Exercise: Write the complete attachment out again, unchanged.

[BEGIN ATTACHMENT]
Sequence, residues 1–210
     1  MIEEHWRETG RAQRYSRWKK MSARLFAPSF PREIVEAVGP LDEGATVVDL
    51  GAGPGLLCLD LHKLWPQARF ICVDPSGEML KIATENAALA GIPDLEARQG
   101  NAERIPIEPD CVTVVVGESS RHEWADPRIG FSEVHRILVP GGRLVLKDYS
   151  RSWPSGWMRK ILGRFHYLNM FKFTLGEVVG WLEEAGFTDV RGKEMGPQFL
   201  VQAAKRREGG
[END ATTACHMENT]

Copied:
Sequence, residues 1–210
     1  MIEEHWRETG RAQRYSRWKK MSARLFAPSF PREIVEAVGP LDEGATVVDL
    51  GAGPGLLCLD LHKLWPQARF ICVDPSGEML KIATENAALA GIPDLEARQG
   101  NAERIPIEPD CVTVVVGESS RHEWADPRIG FSEVHRILVP GGRLVLKDYS
   151  RSWPSGWMRK ILGRFHYLNM FKFTLGEVVG WLEEAGFTDV RGKEMGPQFL
   201  VQAAKRREGG